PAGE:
A while ago over on my regular blog, I wrote a post titled “SSA in a “One Man Show“. I received responses from many of you drowning in this very problem, so I’ve put additional thought into it and would like to present a practical follow-up. This post is the ‘now what’ … aimed at those of you who work in a small to medium-sized shop, and are essentially a one-person show, or managers in small to medium-sized businesses which find themselves looking at addressing the security of their applications …
Now, let me start off by saying I don’t envy you. It’s hard enough to get a Software Security Assurance (SSA) program off the ground with an army of support – but it’s a hat-trick and a half to do it if you’re the only one and you have 20 other daily tasks!
So what do you do … ? The crucial first step is to identify a sane ‘end-game’ for yourself. What are your organizational tolerances? Does your company live online, or are you a widget manufacturer with brick-and-mortar mentality? Maybe you’re somewhere in between those. No matter what your business model here are some presciptive keys to getting you on your way. As usual, your mileage may vary, some assembly required, batteries not included.
- Identify yourself — As I stated above, you have to know what type of organization you work for, and what role applications and technology play. This directly correlates to the level of impact you’re going to have on the organization, and the appetite for ‘security’ the organization will have. For example, a hundred-year-old industrial organization will feel differently about its applications than a bank, web-tailer (retailer with a heavy web presence), or company that derives a majority of its profit from a connected presence.
- Connected dependence — This is key – how much of the company’s revenue comes from an online presence, and the use of applications? If your answer is little, then you know your efforts to secure applications will likely fall on deaf ears. If your answer is heavy, then you at least have a hope that leadership (with the right amount of context) will invest in securing that revenue stream. Try and get a dollar-value of how much of your company’s revenue stream comes from ‘being connected to the Internet‘, and you can probably ask for 2% of that (or less) for your security efforts.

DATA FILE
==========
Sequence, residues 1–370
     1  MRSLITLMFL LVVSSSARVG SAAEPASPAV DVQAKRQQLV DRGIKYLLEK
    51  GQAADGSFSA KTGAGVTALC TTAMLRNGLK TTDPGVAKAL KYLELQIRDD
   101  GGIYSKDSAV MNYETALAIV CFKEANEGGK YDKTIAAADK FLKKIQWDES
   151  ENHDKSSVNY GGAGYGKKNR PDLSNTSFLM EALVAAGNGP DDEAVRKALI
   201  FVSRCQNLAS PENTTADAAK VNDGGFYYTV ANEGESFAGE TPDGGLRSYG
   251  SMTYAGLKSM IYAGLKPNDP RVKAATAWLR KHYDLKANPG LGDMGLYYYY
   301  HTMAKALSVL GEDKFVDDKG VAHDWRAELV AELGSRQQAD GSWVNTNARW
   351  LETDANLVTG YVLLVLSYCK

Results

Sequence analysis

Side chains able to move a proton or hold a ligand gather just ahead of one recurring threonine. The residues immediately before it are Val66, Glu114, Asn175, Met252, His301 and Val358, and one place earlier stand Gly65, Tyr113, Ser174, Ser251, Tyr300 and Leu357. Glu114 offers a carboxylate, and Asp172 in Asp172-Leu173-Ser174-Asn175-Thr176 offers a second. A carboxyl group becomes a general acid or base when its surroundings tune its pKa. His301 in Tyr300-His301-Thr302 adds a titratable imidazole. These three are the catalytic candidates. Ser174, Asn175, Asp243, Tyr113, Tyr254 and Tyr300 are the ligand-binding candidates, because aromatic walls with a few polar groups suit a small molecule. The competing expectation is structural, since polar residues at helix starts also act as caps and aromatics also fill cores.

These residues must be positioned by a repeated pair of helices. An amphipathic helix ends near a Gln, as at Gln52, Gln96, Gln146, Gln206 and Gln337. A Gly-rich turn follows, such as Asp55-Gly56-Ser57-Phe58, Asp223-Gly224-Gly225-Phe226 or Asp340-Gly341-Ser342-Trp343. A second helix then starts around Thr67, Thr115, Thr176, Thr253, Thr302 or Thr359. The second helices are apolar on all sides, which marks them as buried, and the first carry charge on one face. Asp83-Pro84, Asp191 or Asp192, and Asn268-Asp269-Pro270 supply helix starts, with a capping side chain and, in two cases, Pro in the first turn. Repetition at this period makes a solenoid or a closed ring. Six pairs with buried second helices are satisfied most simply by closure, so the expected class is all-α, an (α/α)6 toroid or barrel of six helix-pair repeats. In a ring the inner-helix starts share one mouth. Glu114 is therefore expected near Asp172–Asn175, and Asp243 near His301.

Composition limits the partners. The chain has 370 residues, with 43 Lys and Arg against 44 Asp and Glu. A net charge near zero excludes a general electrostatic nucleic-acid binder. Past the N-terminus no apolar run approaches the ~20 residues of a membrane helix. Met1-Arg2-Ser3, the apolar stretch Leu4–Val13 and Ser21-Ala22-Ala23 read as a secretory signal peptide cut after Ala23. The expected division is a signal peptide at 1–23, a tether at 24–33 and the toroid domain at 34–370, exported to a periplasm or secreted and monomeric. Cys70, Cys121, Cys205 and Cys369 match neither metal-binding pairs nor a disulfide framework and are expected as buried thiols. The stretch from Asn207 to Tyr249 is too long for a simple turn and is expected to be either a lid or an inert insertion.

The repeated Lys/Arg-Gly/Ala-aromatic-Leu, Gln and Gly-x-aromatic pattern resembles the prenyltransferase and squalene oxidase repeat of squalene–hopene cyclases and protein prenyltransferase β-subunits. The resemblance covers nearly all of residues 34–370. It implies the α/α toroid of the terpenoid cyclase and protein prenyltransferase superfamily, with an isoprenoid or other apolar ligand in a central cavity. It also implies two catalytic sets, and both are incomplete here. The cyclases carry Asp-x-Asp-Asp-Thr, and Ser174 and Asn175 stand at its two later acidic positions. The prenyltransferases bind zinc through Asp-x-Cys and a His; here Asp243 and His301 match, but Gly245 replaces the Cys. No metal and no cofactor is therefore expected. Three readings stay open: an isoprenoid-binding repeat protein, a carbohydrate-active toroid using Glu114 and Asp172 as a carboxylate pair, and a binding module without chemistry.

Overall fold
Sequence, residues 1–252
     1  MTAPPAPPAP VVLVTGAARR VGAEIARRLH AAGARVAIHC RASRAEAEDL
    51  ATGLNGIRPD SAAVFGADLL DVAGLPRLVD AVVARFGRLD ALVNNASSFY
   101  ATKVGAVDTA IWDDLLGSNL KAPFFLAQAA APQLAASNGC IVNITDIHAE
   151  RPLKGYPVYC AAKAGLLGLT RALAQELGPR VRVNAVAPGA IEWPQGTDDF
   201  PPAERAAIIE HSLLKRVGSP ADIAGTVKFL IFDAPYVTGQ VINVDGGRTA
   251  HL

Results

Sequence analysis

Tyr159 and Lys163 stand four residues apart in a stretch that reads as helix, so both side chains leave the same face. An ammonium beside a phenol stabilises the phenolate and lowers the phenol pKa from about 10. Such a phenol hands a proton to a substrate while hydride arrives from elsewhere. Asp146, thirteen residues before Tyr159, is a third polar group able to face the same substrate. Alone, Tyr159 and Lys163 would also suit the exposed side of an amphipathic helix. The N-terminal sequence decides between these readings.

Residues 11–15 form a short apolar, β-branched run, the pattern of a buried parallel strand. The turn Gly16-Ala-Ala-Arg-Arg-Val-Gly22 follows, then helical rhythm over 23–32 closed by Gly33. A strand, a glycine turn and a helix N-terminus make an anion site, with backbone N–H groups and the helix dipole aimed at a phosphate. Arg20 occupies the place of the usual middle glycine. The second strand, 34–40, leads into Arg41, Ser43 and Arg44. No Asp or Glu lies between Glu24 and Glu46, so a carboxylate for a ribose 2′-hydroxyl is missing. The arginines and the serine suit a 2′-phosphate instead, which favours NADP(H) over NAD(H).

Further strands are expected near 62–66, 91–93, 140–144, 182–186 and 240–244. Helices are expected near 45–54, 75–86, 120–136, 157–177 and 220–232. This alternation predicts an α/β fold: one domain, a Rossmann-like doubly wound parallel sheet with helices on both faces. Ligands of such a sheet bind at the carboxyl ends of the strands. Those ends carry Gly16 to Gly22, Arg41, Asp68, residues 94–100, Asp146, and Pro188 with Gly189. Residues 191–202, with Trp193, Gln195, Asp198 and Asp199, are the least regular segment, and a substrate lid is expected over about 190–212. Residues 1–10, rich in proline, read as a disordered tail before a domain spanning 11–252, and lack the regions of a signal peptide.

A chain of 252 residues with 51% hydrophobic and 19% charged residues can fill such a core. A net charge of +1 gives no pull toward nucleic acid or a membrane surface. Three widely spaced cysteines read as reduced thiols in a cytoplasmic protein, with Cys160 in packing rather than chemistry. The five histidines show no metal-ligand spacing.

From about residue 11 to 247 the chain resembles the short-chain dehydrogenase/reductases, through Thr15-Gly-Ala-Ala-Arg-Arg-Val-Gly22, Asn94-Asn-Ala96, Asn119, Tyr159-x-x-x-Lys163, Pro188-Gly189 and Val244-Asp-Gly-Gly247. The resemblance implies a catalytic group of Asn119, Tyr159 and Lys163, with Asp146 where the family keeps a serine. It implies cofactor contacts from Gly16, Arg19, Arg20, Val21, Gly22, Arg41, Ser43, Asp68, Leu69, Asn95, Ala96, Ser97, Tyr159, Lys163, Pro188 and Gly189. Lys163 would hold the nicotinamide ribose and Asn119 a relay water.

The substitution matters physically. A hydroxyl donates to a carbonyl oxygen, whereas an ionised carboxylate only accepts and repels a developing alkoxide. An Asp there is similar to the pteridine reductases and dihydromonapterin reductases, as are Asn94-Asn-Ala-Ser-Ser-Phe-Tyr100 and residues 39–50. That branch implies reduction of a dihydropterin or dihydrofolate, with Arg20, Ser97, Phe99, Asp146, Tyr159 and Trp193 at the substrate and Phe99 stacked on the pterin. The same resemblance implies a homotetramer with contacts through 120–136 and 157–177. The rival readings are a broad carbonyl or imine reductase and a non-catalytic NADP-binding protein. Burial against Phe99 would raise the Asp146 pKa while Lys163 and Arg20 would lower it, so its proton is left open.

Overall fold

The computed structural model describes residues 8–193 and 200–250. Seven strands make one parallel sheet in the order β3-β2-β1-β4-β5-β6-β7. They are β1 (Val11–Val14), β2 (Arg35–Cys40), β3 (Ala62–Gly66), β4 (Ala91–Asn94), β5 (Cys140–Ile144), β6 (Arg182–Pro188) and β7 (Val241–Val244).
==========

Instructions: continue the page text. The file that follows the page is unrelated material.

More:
- Application registry — How many applications are there in your environment? Count all the web and non-web applications in your organization that you would like to put ‘in-scope’ for an application security program. These are the business enabling tools the organization depends on …now get a rough idea of how many there are. Do you have 10, 100, 1,000, or more? This knowledge will impact your plan later on. Build an application registry of all the applications in your organization and get detailed information on them …more on this later.
- Buy vs. Build — As you start to think about securing your corporate applications, it’s crucial to know whether they’ve been bought …or built. Even if you’re purchasing a commercial package like SAP and customizing it in-house or (more likely) through the use of consultants, that customized code (ABAP, in the case of SAP) will need to be thoroughly checked out for security defects. Try and get a sense of whether you’re more buy, or build… this will help you rationalize whether you should concentrate your effort internally, or externally to the company.
- Development model — It’s always good to know whether your code is being written by someone in cube on the 3rd floor, or someone on the opposite side of the world. This is critical because it helps you understand the level of influence you can hope to achieve at some point. There are no guarantees, but if you’re outsourcing your development to China the level of influence is far different than if Mike is your primary developer on 3…
- Pipeline — How much application churn does your company sustain? Are your developers releasing some new code every week? How many apps are currently in development, and how many are out in waiting in the wings? Go back to your application registry, and try and get a sense for how many times those apps already in production are updated or code-revised each year.
- Available resources — We all say we’re running at 110% in our organizations – but as yourself honestly …can you handle the amount of work it would take to ratchet up security on your organization’s applications? If you’ve got anything more than a dozen or so applications in the organization, with more then 5 in the pipeline …you’ll need help. Figure on a single non-dedicated resource being able to handle 1 application security test/week …tops. Now what?